SE's own words listed many times in sites and on there on pages express that they are tinkering with the retainer system and when ready they will activate the AH when needed. First they will get the search function retainer option and then probably one or two more things, then AH. Even FFXI didn't have AH in its first month despite it being front and center in the game.

AH set economy guildines, everything is still to volatile to implement. You'll have market clamp downs and monopolies form if you do it right now based merely on highest rank crafters and gatherer patterns. Slow implementation, while painful to players, is probably the best way to do it.... Unless they make it universal and not regional AHs.
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#9 Oct 22 2010 at 10:12 AM Rating: Decent
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For me it's quite simple, no form of AH by the time the free subscription runs out = no monthly subscription money from me.
#10 Oct 22 2010 at 10:33 AM Rating: Default
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I agree with Wizzies.

I refuse to click on retainers...I haven't yet, and I won't...I'll wear level 1 gear till the free period is up...then I'll return when they make an AH, if they ever do. I'd have to go thru ff withdrawals again, but no AH is a deal breaker for me...sorry.

#11 Oct 22 2010 at 2:46 PM Rating: Good
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It's fair to mention that WOW's auction houses were pretty limited to start with. Each faction only had one, and you had to physically travel there to use it. Then auction houses were opened in other cities, but originally each one was a separate auction pool. They didn't link the auction houses for quite some time.
#12 Oct 22 2010 at 2:58 PM Rating: Good
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Montydataru wrote:
I agree with Wizzies.

I refuse to click on retainers...I haven't yet, and I won't...I'll wear level 1 gear till the free period is up...then I'll return when they make an AH, if they ever do. I'd have to go thru ff withdrawals again, but no AH is a deal breaker for me...sorry.



Don't think they'll be implementing one.
#13 Oct 22 2010 at 5:52 PM Rating: Decent
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KujaKoF wrote:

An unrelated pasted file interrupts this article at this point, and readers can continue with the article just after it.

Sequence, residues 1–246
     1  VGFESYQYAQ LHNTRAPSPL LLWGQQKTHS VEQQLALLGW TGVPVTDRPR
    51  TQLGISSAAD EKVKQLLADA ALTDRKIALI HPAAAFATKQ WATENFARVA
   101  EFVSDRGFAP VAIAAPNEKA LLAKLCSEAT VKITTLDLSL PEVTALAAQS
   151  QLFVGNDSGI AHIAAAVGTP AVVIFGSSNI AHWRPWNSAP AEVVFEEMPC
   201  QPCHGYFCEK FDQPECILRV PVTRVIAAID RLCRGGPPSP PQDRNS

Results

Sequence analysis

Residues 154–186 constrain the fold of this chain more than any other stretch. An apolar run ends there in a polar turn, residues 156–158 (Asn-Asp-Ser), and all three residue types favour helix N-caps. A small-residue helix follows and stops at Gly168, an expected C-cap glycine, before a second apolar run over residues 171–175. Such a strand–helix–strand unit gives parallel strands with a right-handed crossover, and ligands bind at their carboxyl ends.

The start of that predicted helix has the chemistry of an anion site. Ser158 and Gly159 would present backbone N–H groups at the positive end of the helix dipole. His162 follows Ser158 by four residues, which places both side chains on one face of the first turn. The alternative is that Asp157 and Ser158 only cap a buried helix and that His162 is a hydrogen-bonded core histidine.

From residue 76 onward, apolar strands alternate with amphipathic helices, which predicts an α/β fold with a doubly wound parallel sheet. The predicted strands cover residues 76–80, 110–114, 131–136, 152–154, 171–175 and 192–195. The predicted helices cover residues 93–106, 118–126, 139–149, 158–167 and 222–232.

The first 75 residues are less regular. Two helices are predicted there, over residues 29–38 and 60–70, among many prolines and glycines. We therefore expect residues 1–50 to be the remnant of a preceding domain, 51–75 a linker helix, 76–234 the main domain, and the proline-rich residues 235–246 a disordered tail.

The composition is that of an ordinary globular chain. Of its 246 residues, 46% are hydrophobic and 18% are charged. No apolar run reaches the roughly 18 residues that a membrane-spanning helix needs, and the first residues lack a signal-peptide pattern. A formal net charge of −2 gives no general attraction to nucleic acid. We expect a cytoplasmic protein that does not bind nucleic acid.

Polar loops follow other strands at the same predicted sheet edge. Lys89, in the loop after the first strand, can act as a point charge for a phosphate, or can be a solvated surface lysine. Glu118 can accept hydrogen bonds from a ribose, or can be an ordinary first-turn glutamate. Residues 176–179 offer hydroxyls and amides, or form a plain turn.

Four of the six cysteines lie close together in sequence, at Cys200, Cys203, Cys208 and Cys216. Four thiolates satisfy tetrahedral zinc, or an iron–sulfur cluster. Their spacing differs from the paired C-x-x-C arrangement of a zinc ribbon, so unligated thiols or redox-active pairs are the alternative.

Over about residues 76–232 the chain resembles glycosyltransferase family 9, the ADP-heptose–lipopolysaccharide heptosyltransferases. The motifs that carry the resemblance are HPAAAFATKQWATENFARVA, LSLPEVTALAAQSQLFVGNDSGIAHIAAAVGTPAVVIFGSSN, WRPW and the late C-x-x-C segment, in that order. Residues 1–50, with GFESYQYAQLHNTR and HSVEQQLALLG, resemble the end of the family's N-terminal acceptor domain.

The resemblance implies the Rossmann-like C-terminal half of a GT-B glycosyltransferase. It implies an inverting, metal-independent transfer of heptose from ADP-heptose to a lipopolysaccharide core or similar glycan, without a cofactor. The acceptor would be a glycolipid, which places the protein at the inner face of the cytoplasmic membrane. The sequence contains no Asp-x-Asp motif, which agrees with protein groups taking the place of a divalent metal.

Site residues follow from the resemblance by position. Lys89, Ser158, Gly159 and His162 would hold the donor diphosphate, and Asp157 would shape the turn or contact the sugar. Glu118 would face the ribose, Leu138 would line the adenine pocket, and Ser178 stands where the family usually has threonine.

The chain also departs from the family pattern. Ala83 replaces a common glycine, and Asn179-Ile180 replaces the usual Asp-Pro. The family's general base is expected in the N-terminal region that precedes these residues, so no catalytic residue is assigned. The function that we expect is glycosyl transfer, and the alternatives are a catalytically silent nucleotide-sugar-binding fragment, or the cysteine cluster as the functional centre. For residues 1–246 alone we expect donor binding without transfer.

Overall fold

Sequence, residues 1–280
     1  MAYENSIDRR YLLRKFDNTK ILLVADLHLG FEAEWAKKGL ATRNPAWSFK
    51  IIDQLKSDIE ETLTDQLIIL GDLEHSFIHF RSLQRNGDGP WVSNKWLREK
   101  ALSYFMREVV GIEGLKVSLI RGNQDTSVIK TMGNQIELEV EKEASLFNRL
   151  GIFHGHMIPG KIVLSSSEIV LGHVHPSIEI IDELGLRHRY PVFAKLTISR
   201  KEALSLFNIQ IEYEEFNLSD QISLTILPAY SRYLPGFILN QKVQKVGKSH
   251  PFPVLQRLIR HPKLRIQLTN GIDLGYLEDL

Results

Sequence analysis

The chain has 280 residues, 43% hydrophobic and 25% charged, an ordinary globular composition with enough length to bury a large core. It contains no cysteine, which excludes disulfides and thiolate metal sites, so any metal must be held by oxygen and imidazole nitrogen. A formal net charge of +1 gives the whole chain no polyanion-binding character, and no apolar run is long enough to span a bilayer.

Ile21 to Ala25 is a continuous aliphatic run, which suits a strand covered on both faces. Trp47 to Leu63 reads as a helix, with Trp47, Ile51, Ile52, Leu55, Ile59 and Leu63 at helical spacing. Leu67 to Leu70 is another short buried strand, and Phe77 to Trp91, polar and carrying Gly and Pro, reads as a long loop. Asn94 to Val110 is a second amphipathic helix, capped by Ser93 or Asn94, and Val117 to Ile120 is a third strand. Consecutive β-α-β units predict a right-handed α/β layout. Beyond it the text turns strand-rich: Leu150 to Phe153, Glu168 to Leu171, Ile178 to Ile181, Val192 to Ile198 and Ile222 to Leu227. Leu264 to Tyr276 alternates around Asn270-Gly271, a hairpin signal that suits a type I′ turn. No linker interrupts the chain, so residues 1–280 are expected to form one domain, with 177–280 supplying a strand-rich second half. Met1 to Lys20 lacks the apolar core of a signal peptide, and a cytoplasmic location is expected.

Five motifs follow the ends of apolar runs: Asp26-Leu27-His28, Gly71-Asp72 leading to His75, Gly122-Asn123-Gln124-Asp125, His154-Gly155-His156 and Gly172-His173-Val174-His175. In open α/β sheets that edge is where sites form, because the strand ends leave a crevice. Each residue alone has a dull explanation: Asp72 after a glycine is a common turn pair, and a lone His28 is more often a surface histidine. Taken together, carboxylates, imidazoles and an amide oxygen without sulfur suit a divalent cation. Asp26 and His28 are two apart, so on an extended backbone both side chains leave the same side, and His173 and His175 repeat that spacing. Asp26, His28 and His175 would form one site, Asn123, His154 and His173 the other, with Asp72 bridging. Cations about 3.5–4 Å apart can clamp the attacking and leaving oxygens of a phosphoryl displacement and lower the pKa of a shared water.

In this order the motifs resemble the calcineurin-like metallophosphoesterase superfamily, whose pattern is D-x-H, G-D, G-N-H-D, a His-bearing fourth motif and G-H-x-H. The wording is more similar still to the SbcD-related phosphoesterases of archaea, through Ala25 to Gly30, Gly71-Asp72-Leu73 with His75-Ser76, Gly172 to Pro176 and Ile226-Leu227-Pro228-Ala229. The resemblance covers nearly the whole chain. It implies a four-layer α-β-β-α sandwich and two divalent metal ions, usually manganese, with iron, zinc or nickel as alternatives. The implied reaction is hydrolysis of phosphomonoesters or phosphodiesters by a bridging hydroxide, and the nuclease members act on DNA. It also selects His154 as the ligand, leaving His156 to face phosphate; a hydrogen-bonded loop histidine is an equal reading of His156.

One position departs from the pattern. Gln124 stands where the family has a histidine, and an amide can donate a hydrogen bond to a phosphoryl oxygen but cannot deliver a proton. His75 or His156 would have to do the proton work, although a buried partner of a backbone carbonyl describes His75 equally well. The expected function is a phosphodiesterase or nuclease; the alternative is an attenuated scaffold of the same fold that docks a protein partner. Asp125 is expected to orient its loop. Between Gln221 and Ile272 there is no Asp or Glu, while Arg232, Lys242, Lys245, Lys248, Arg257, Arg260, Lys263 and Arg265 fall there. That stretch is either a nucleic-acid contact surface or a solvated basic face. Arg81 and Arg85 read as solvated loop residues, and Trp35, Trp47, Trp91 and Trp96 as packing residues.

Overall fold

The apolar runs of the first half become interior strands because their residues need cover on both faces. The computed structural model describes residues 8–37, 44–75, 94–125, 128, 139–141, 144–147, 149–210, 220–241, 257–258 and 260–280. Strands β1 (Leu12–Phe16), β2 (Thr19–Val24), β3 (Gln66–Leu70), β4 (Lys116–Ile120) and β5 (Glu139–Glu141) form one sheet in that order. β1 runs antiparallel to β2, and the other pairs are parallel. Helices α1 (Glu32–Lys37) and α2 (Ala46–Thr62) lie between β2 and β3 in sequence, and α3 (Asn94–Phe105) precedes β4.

I don't mind debating, and so far nobody resorted to childish name calling, making this possible the most mature thread on this board :).

I'll be honest, I'm not really sure what you mean regarding finite economies. I think I get it now, you're concerned about limiting inventory spaces (since wow allows you to have a much greater number than anyone would actually be able to fill under normal circumstances). Honestly I just don't think this has any real effect.

Regarding RMT, I actually see no economic problem with gil selling. its just redistribution of gil earned (often legitimately). I do see market problems with gil earned through cheating/botting. Otherwise its just the economy working closer to max capacity (which is bad for the average/casual player who isn't interested in playing the market all day). The reason we aren't seeing alot of RMT activity in my opinion has a few factors. The first is that the game is so young, there isnt much demand to buy, and much supply to really advertise to sell. The gears arent in full motion yet. Second, SE is doing the inflation for us by making gil so easy to make, which combines with 3: that there are so many crafters now, supply of items for the bulk of players is very high.


Your paragraph regarding people working together, I can actually get behind but I don't see it supporting the lack of an AH. I really don't see a more efficient means to buy from 'offline/otherwise unavailable to trade face to face' players something that will hurt overall social aspects of the game. I think most of your points refer to problems with supply/demand and not problems with an auction house system.


Right back at ya - glad to see people are able to hold a conversation without devolving into the typical 'internets' nonsense.

I'm honestly not sure if limiting the size of the overall economy (you're right, inventory + storage space) has any real effect, either... again, I'm trying to step into the game designers' shoes in justifying the lack of an AH for a reason other than, "just for the sake of it".

Your point about 'redistributing gil earned legitimately' (i.e., not through botting) is certainly interesting, but I'm not sure I agree with it. I have a hard time buying into the pure capitalism, if you will, that should bleed into an MMO. I don't think 'you get what you pay for' is fair or conducive to a healthy game environment... I wouldn't want the most successful players in realm to be the ones independently wealthy and/or willing to invest real money into the game, above what's required for the monthly fee. Again, an interesting point, but one I have a hard time accepting.